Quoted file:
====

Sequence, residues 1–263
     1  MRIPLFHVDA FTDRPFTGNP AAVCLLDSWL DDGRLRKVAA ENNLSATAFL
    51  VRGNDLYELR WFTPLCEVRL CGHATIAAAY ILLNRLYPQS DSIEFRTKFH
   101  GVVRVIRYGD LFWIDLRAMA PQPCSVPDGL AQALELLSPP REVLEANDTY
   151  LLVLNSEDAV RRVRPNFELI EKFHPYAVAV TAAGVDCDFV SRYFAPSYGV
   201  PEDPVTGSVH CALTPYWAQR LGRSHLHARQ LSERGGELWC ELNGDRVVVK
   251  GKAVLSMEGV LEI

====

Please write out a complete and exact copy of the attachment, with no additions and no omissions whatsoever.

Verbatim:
Sequence, residues 1–263
     1  MRIPLFHVDA FTDRPFTGNP AAVCLLDSWL DDGRLRKVAA ENNLSATAFL
    51  VRGNDLYELR WFTPLCEVRL CGHATIAAAY ILLNRLYPQS DSIEFRTKFH
   101  GVVRVIRYGD LFWIDLRAMA PQPCSVPDGL AQALELLSPP REVLEANDTY
   151  LLVLNSEDAV RRVRPNFELI EKFHPYAVAV TAAGVDCDFV SRYFAPSYGV
   201  PEDPVTGSVH CALTPYWAQR LGRSHLHARQ LSERGGELWC ELNGDRVVVK
   251  GKAVLSMEGV LEI